Farmer’s Market, A Quarry, TV Interview, and a Benefit Dinner: October 10-11, 2009
Saturday, October 10, 2009
A Real Farmer’s Market
Toni described my Saturday as an easy day where they didn't do too much with me.
We had breakfast at a Big Boy restaurant. I had my photos transferred from my camera onto disks at Walgreens. In the hour we had to wait for the disks to be done, Toni and Burt took me to the local farmers’ market. It was a beautiful sight: with huge cabbages, pumpkins, odd-shaped squashes, big red apples and more.
At one of the stalls was a young woman called Sally, who worked for the Hospice of Michigan. Toni introduced me and I took some photos of Sally and her stall. Sally and her husband (who was a big bear of a man) had grown all the produce themselves. A lady bought up all their cabbages to make a huge lot of sauerkraut for some local function. Burt was planning a boiled dinner for an organization that he was involved with, so he bought more vegetables from the market. Seeing the fantastic produce and seeing the people at the market was marvelous. It was something that was very much part of northern Michigan life.
Shopping in a Grocery Store: Wonderfully Normal
After visiting the market Toni and Burt went to a local supermarket called Neimans. There I pushed the trolley round, while Toni bought cans of various beans to make a bean salad. It felt wonderful pushing the trolley around the supermarket...after weeks of walking and talking, to be doing something so ordinary felt wonderful...and normal.
My shopping consisted of three packets of peanut M&Ms. I had minimalist shopping down to an art.
At Neiman's we met a lady called Mary Woods, who would be taking me up to Rogers City for the dinner. At Neimans Toni and Burt also met an old teaching friend of Burt's. I loved that too, that in the space of a couple of hours Burt and Toni had met about 5 people they knew. The town had a warm and friendly atmosphere, even though the weather was decidedly chilly for October.
Back for Lunch and a Walk
We picked up my photo disks and got back just in time for lunch. Toni made the bean salad and we ate and watched the birds in the back garden again. After lunch we went for a walk around a newly built subdivision.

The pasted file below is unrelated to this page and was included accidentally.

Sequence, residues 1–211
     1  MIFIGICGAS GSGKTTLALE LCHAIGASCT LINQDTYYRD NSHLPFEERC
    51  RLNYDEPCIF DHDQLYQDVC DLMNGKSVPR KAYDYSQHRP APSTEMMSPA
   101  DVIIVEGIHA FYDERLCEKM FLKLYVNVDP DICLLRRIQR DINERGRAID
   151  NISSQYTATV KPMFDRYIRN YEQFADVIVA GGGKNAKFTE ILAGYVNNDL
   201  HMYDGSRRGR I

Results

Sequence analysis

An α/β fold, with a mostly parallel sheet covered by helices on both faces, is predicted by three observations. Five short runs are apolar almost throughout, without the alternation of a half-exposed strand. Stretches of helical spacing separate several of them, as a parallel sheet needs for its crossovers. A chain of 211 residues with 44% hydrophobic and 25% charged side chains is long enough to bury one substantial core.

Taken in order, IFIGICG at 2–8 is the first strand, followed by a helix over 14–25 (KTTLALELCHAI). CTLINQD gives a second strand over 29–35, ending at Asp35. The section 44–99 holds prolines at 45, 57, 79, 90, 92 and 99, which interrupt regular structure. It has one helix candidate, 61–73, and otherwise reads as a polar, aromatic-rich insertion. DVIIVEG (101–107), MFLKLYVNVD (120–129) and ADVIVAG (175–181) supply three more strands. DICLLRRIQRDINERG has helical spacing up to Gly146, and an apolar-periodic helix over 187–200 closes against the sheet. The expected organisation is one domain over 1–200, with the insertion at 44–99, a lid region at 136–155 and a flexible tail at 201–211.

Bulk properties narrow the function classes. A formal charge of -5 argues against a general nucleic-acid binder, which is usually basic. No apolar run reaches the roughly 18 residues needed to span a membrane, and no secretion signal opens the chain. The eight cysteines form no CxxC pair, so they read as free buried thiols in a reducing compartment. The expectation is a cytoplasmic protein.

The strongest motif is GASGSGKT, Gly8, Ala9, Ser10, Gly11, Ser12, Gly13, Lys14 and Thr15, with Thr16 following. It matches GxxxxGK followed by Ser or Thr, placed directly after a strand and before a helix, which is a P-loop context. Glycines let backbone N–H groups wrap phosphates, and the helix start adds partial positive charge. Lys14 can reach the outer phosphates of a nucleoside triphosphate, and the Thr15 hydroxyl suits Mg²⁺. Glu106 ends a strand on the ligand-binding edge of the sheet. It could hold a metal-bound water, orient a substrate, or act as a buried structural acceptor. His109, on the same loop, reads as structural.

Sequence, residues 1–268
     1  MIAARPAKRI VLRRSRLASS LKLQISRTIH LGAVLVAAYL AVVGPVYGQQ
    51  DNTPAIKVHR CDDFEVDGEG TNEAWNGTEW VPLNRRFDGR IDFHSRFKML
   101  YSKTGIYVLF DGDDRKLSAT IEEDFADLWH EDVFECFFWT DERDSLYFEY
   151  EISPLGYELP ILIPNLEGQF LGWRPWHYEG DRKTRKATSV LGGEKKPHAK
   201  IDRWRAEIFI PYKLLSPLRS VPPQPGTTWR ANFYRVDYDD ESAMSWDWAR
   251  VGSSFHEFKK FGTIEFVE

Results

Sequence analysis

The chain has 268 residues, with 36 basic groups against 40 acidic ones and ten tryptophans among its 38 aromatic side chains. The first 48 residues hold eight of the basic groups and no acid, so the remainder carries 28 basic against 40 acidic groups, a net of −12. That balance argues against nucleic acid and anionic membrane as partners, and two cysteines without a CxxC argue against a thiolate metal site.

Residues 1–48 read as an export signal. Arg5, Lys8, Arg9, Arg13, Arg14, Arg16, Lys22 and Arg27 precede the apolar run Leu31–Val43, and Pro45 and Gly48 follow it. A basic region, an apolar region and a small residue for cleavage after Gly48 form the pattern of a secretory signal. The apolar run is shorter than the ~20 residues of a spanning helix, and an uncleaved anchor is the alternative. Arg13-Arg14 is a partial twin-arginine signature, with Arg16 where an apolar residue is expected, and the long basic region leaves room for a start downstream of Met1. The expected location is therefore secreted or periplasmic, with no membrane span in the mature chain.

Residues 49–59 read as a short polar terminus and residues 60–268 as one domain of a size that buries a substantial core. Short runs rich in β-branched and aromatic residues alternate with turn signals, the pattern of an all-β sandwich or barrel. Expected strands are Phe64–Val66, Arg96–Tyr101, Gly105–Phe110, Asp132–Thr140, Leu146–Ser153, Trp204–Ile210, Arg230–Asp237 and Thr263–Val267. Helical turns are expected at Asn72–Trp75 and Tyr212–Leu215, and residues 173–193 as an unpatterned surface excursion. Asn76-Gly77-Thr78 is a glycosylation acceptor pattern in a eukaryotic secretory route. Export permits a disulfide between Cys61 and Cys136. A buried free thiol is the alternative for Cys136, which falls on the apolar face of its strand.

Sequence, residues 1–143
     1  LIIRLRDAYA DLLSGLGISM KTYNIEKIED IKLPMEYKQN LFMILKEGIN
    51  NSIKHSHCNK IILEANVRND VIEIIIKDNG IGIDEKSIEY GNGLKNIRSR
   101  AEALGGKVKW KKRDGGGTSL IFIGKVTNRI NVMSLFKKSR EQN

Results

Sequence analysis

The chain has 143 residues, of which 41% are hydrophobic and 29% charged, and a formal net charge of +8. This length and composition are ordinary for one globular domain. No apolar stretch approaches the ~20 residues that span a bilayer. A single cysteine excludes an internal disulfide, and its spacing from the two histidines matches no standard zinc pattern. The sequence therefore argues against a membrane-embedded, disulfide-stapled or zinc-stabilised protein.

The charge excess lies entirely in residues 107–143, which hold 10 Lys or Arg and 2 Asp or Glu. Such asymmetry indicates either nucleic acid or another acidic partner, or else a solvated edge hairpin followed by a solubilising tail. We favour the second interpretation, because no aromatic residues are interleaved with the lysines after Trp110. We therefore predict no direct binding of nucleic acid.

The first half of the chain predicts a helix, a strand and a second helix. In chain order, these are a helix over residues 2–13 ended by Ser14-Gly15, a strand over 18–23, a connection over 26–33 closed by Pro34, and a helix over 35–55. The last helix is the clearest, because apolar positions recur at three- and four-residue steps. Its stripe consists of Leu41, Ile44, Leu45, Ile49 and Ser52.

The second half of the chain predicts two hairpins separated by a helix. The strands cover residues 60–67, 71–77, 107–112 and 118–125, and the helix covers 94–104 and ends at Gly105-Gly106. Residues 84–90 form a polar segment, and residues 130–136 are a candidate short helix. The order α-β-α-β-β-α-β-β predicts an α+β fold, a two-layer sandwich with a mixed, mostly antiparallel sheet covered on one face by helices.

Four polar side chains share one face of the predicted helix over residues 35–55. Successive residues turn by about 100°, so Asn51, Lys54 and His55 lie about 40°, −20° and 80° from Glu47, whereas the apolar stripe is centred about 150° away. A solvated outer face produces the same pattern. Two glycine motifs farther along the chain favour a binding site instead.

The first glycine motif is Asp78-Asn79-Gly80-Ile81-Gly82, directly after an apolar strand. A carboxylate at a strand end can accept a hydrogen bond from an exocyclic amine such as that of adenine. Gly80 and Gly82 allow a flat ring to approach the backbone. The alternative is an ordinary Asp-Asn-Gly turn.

A couple of houses across from Burt and Toni's were up for sale and Burt talked to a man who had come to check one of the houses out. In the new subdivision some men were laying a concrete drive. The houses were large and surrounded by mature trees, with maples that were now turning yellow and red and pines that were dark green.
We got back from our mile and a half walk around 2 pm and drove off to the TV station.
A young guy called Joe let us in and introduced me to Stephanie Parkinson. Stephanie was in her early 20’s. It turned out she had been born in Doncaster in Yorkshire, England, but had lived most of her life in the U.S. She was efficient, and the interview was quick and to the point.
There was a couch that I thought I would sit on for a chat with Stephanie, while Joe filmed the two of us talking. Instead Stephanie had me sit on a hard wooden chair, with the camera stuck right in my face. She asked a couple of questions, but I launched into my usual talk about why I was doing the walk and why hospices needed more volunteers and support from the community. I also talked about the need for people to turn to hospice care sooner, so that they could receive support and better quality of care for much longer. The interview went well and I mentioned Hospice of the Sunrise Shore and the Hospice of Michigan. Stephanie had me walk up and down outside and the interview was complete.
A Visit to a Hospice Patient
It was now about 3 pm and Mary Woods was due to collect me at 4 pm or so.
Toni took me to a local nursing home to visit a hospice patient. At the home we met an old pupil of Burt's who was now about 48. Again the sense of community in Alpena was plain to see.
My visit to the nursing home was short, but I was glad that I had gone.
The lady that Toni visited had Parkinson's disease, but she moved hardly at all. Toni went into the room and gave the lady a hug and a kiss on the cheek. The lady smiled and that was wonderful to see. Toni introduced me and I said a little about walking from New York. The lady hardly talked or moved, but from her eyes I could see she was glad that we had visited. As we left she closed her eyes to go back to sleep. For me to see the lady smile and see that she was happy to have Toni visit was marvelous. It was good.
A Brief Stop at a Quarry
At shortly after 4 pm Mary Woods arrived, with a friend of hers called Kay Donakowski. I put my pack in the trunk and climbed into the back seat of the car with my bag of 12 books.
The night was drizzly and grey. On the journey to Rogers City Mary stopped at a giant limestone quarry on the edge of Rogers City. I stood on a platform and looked at the huge chunk that had been taken out of the land. It felt strange...like part of the place was missing and like looking on a wound. At the same time the quarry was immense...and reminded me of the Grand Canyon. I took a couple of quick photos in the rain then headed back to the car.
The “Putting on the Ritz” Fundraising Dinner